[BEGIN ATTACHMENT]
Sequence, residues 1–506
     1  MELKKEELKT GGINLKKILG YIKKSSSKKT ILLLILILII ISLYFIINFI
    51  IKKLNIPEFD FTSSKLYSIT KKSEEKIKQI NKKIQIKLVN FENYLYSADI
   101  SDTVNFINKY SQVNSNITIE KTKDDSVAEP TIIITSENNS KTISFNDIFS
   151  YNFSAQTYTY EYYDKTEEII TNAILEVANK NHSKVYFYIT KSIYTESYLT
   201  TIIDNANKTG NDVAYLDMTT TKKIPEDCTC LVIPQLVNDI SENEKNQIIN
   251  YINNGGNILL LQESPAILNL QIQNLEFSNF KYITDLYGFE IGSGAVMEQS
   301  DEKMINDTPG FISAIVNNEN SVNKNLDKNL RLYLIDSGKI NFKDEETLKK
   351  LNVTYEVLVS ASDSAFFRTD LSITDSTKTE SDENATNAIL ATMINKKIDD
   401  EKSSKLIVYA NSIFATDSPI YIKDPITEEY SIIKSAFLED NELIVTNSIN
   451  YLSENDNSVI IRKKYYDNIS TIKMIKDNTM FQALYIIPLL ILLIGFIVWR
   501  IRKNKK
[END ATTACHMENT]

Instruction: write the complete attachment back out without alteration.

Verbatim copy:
Sequence, residues 1–506
     1  MELKKEELKT GGINLKKILG YIKKSSSKKT ILLLILILII ISLYFIINFI
    51  IKKLNIPEFD FTSSKLYSIT KKSEEKIKQI NKKIQIKLVN FENYLYSADI
   101  SDTVNFINKY SQVNSNITIE KTKDDSVAEP TIIITSENNS KTISFNDIFS
   151  YNFSAQTYTY EYYDKTEEII TNAILEVANK NHSKVYFYIT KSIYTESYLT
   201  TIIDNANKTG NDVAYLDMTT TKKIPEDCTC LVIPQLVNDI SENEKNQIIN
   251  YINNGGNILL LQESPAILNL QIQNLEFSNF KYITDLYGFE IGSGAVMEQS
   301  DEKMINDTPG FISAIVNNEN SVNKNLDKNL RLYLIDSGKI NFKDEETLKK
   351  LNVTYEVLVS ASDSAFFRTD LSITDSTKTE SDENATNAIL ATMINKKIDD
   401  EKSSKLIVYA NSIFATDSPI YIKDPITEEY SIIKSAFLED NELIVTNSIN
   451  YLSENDNSVI IRKKYYDNIS TIKMIKDNTM FQALYIIPLL ILLIGFIVWR
   501  IRKNKK